5-a-day fruit and vegetable food product labels: Reduced fruit and vegetable consumption following an exaggerated compared to a modest label

This data was imported from PubMed:

Authors: Appleton, K.M. and Pidgeon, H.J.

http://eprints.bournemouth.ac.uk/30812/

Journal: BMC Public Health

Volume: 18

Issue: 1

Pages: 624

eISSN: 1471-2458

DOI: 10.1186/s12889-018-5528-0

BACKGROUND: Food product labels based on the WHO 5-a-day fruit and vegetable (FV) message are becoming increasingly common, but these labels may impact negatively on complementary or subsequent FV consumption. This study aimed to investigate the impact of a '3 of your 5-a-day' versus a '1 of your 5-a-day' smoothie product label on subsequent FV consumption. METHODS: Using an acute experimental design, 194 participants (90 males, 104 females) were randomised to consume a smoothie labelled as either '3 of your 5-a-day' (N = 97) or '1 of your 5-a-day' (N = 97) in full, following a usual breakfast. Subsequent FV consumption was measured for the rest of the day using 24-h recall. Usual FV consumption was also assessed via 24-h recall for the day before the study. RESULTS: Regression analyses revealed a significantly lower subsequent FV consumption following smoothies displaying the '3 of your 5-a-day' label compared to the '1 of your 5-a-day' label (Beta = - 0.15, p = 0.04). Secondary analyses revealed these effects to be driven mainly by changes to consumption in usual high FV consumers, in females and in vegetable as opposed to fruit consumption. CONCLUSIONS: These findings demonstrate a role for label information in food intake, and the potential negative impacts of an exaggerated food product label on healthy food consumption and healthy dietary profiles.

This data was imported from Scopus:

Authors: Appleton, K.M. and Pidgeon, H.J.

http://eprints.bournemouth.ac.uk/30812/

Journal: BMC Public Health

Volume: 18

Issue: 1

eISSN: 1471-2458

DOI: 10.1186/s12889-018-5528-0

© 2018 The Author(s). Background: Food product labels based on the WHO 5-a-day fruit and vegetable (FV) message are becoming increasingly common, but these labels may impact negatively on complementary or subsequent FV consumption. This study aimed to investigate the impact of a '3 of your 5-a-day' versus a '1 of your 5-a-day' smoothie product label on subsequent FV consumption. Methods: Using an acute experimental design, 194 participants (90 males, 104 females) were randomised to consume a smoothie labelled as either '3 of your 5-a-day' (N = 97) or '1 of your 5-a-day' (N = 97) in full, following a usual breakfast. Subsequent FV consumption was measured for the rest of the day using 24-h recall. Usual FV consumption was also assessed via 24-h recall for the day before the study. Results: Regression analyses revealed a significantly lower subsequent FV consumption following smoothies displaying the '3 of your 5-a-day' label compared to the '1 of your 5-a-day' label (Beta = - 0.15, p = 0.04). Secondary analyses revealed these effects to be driven mainly by changes to consumption in usual high FV consumers, in females and in vegetable as opposed to fruit consumption. Conclusions: These findings demonstrate a role for label information in food intake, and the potential negative impacts of an exaggerated food product label on healthy food consumption and healthy dietary profiles.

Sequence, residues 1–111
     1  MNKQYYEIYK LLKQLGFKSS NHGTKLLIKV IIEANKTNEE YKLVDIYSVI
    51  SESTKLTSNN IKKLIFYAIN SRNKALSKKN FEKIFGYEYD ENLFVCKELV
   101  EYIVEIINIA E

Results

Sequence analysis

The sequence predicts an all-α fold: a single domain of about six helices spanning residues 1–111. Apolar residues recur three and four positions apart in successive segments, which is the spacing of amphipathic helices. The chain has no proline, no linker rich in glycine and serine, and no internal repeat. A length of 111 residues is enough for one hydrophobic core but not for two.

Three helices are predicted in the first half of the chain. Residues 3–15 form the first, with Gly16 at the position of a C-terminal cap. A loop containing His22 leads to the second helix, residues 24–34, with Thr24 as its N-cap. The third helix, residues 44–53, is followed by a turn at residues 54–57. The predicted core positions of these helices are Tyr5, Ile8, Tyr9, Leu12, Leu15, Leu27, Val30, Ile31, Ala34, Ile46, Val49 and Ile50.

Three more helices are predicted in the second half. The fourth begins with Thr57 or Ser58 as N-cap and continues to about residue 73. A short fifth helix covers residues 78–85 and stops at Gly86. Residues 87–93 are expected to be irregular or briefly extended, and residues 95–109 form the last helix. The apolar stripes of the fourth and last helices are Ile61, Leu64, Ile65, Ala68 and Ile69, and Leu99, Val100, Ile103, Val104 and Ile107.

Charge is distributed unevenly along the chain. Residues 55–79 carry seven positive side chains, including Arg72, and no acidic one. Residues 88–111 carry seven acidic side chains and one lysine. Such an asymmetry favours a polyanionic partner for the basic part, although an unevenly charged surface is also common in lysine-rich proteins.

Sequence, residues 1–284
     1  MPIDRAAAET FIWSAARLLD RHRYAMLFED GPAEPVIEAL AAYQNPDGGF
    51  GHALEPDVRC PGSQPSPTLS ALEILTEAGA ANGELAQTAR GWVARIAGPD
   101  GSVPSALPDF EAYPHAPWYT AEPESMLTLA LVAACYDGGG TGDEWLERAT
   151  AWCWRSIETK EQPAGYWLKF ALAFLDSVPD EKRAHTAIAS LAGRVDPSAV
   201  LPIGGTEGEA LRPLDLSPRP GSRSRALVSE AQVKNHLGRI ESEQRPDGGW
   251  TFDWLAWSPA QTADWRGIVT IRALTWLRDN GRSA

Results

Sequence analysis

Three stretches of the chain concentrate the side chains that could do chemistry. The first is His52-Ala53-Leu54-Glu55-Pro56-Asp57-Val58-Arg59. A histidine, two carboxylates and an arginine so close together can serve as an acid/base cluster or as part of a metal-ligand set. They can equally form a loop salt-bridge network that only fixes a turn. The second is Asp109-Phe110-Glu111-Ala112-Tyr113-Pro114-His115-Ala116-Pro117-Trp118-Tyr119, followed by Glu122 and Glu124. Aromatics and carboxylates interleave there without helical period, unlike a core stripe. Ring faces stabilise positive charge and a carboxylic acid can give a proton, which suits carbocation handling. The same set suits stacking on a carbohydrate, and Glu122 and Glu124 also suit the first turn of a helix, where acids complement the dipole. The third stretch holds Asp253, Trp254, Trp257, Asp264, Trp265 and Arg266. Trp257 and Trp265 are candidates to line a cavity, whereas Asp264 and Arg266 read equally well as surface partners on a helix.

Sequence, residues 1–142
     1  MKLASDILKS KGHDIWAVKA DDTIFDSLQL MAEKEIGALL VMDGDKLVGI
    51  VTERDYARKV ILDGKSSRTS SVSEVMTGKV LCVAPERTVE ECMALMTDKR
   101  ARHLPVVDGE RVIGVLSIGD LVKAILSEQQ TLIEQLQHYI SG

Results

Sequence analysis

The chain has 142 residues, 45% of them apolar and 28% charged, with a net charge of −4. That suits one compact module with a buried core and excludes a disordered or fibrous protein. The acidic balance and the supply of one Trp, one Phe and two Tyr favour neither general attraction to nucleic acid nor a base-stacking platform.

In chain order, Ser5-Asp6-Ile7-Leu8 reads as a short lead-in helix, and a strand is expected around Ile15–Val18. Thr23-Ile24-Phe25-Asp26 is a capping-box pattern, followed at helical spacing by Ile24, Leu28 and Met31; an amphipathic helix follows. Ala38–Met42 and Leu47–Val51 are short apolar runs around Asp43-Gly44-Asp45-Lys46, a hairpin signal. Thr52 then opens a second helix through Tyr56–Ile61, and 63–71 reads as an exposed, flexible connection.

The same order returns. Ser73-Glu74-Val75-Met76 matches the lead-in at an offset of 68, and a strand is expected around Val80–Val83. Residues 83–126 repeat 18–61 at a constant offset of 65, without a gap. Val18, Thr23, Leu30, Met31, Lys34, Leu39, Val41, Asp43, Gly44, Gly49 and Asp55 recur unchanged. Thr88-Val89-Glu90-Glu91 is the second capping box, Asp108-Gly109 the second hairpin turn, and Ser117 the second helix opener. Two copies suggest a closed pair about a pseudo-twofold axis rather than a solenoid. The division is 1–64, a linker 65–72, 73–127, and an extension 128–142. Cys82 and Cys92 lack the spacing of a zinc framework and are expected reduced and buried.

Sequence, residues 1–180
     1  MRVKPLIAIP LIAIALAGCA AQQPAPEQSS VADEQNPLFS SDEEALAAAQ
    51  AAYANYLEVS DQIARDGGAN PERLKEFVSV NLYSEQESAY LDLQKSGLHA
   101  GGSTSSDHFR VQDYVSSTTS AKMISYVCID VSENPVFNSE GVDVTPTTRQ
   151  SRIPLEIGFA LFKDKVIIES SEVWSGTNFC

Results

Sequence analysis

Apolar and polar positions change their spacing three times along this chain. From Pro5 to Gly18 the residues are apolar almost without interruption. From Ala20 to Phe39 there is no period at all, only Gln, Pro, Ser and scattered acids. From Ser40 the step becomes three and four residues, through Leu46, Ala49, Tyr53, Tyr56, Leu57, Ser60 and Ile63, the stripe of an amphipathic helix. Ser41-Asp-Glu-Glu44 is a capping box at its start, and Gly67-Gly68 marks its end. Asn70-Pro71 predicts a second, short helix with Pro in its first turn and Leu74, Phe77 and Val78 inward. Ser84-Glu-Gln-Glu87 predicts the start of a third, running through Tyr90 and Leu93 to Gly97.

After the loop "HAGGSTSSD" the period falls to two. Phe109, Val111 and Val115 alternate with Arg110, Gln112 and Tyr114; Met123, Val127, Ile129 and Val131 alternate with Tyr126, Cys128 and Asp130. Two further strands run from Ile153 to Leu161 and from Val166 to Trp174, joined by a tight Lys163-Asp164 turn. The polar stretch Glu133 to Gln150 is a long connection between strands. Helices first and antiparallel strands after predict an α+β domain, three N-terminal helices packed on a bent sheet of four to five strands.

This data was imported from Web of Science (Lite):

Authors: Appleton, K.M. and Pidgeon, H.J.

http://eprints.bournemouth.ac.uk/30812/

Journal: BMC PUBLIC HEALTH

Volume: 18

ISSN: 1471-2458

DOI: 10.1186/s12889-018-5528-0

The data on this page was last updated at 04:55 on May 22, 2019.